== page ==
Carly Fiorina was first out of the gate, earning strong applause from the crowd for repeatedly advocating the election of a leader who would “restore the character of this nation.” The former Hewlett-Packard CEO also shared very personal reasons for her support for pro-life policies—from watching the harmful emotional, physical, and spiritual effects abortion had on a friend, to her own mother-in-law being told by doctors she should abort Fiorina’s now husband.
Sen. Ted Cruz, a Southern Baptist and Texan, held the home court advantage, as evidenced by the six standing ovations the crowd gave him. Cruz played to the audience, citing his “pastor’s kid” status and reminding attendees of his often oppositional stance to Congress, listing Obamacare, “illegal amnesty,” and Planned Parenthood as examples. He also invoked Trump, suggesting the front-runner is asking the most important question in the campaign.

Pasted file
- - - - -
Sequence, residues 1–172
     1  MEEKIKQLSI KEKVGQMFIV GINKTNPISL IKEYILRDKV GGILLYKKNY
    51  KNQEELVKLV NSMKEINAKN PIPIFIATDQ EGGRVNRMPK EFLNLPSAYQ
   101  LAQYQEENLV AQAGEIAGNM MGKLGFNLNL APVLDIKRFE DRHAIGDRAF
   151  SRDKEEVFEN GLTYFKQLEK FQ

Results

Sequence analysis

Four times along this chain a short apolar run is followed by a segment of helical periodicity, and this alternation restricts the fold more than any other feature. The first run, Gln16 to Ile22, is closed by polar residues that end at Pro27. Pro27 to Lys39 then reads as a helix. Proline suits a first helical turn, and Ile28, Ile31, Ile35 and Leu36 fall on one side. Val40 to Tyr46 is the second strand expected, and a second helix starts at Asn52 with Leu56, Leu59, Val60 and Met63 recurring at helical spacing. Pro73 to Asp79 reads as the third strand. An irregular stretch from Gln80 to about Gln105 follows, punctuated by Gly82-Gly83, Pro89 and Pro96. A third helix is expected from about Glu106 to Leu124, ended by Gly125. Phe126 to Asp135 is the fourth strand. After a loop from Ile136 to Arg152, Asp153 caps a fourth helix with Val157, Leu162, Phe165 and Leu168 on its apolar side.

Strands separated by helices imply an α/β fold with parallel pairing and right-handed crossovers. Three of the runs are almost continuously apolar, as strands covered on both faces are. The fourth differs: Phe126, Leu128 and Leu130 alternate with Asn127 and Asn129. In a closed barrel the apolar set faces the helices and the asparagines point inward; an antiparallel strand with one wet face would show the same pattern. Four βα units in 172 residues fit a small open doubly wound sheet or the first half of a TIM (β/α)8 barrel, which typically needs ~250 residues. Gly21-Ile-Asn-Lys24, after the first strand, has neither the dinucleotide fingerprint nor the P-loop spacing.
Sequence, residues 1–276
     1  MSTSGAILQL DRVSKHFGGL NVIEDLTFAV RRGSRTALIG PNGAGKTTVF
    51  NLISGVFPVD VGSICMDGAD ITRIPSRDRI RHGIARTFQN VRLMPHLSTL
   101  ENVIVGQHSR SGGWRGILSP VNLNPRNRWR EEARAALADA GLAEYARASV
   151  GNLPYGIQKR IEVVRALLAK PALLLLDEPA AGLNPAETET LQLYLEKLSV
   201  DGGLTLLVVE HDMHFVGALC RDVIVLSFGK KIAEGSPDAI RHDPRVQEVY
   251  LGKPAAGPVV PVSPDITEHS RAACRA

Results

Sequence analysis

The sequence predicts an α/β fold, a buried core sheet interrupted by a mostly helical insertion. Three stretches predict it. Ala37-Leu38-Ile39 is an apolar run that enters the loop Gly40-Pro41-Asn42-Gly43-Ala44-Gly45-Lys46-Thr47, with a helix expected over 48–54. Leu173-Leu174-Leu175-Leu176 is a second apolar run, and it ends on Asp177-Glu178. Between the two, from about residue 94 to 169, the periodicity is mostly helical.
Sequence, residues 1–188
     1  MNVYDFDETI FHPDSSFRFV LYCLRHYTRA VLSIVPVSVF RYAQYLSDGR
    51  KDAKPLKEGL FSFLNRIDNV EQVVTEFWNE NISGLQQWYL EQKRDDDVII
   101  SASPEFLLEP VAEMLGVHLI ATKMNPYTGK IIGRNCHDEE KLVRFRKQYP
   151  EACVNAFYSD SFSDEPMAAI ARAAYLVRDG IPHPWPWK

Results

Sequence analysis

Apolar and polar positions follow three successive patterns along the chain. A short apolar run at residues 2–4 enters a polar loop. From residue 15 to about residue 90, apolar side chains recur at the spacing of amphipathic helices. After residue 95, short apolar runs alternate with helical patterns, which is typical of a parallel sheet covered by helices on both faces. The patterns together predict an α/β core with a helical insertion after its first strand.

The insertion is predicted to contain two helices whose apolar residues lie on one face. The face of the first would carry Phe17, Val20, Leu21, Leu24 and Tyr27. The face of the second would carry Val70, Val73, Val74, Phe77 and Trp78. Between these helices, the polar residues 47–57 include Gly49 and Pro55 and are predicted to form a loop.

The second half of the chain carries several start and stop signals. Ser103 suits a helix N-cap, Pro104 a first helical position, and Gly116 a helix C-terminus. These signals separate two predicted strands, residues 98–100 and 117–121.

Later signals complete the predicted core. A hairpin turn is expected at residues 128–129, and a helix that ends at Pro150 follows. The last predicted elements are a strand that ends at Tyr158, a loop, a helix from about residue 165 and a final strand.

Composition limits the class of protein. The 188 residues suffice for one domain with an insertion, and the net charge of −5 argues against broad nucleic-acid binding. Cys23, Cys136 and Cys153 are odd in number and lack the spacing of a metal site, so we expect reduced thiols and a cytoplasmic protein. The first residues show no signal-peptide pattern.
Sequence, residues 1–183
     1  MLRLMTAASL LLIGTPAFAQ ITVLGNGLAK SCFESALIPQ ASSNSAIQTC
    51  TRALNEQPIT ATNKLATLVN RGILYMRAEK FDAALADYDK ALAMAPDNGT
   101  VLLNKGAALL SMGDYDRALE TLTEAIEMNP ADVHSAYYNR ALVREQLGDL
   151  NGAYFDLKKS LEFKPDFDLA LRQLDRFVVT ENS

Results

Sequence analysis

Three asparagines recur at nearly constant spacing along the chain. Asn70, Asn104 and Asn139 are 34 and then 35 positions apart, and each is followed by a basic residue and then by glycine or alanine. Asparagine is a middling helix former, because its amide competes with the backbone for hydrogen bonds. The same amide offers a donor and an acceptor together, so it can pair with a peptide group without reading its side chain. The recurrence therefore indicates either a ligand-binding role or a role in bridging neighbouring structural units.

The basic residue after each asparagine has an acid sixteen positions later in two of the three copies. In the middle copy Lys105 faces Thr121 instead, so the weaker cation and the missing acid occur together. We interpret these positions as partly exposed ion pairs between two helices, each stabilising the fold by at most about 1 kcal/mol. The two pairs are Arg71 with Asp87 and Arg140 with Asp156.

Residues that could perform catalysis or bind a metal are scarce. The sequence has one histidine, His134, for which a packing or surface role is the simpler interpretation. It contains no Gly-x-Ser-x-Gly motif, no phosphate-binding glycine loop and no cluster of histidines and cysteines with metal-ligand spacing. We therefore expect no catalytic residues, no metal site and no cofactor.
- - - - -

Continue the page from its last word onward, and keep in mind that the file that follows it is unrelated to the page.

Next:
“Donald has framed the central issue in this primary as, ‘Who will stand up to Washington?’ and if that’s the central issue, the next question is, ‘Who actually has stood up to Washington?’” Cruz said. “And I can’t think of a better question to decide this race, because in that regard, my record is markedly different from anyone else.”
Rivaling Cruz in standing ovations was former Sen. Rick Santorum, R-Pa., who called himself an “evangelical Catholic” and touted his track record of promoting right-to-life issues, battling the Affordable Care Act, authoring sanctions against Iran, implementing health savings accounts, and most recently producing Christian films. He compared himself to Ronald Reagan, saying just as Reagan cemented his position as an opponent to communism before assuming the presidency, Santorum is making himself known as an enemy of radical Islam.
“ISIS knows who I am, Iran knows who I am, and when I get sworn into office in January, the enemies of America will know who they have to deal with,” he said.
Former Arkansas Gov. Mike Huckabee also found himself in friendly territory on Sunday: Prestonwood’s Graham endorsed him for president in 2008. More than any other candidate, Huckabee focused on foreign policy.